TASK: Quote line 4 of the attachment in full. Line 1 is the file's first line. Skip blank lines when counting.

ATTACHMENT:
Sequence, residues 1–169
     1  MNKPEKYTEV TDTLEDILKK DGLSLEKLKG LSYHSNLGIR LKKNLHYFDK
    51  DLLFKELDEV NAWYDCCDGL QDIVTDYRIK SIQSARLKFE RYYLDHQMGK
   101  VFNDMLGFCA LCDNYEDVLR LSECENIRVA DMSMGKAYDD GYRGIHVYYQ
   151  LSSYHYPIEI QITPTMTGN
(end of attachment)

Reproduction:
   101  VFNDMLGFCA LCDNYEDVLR LSECENIRVA DMSMGKAYDD GYRGIHVYYQ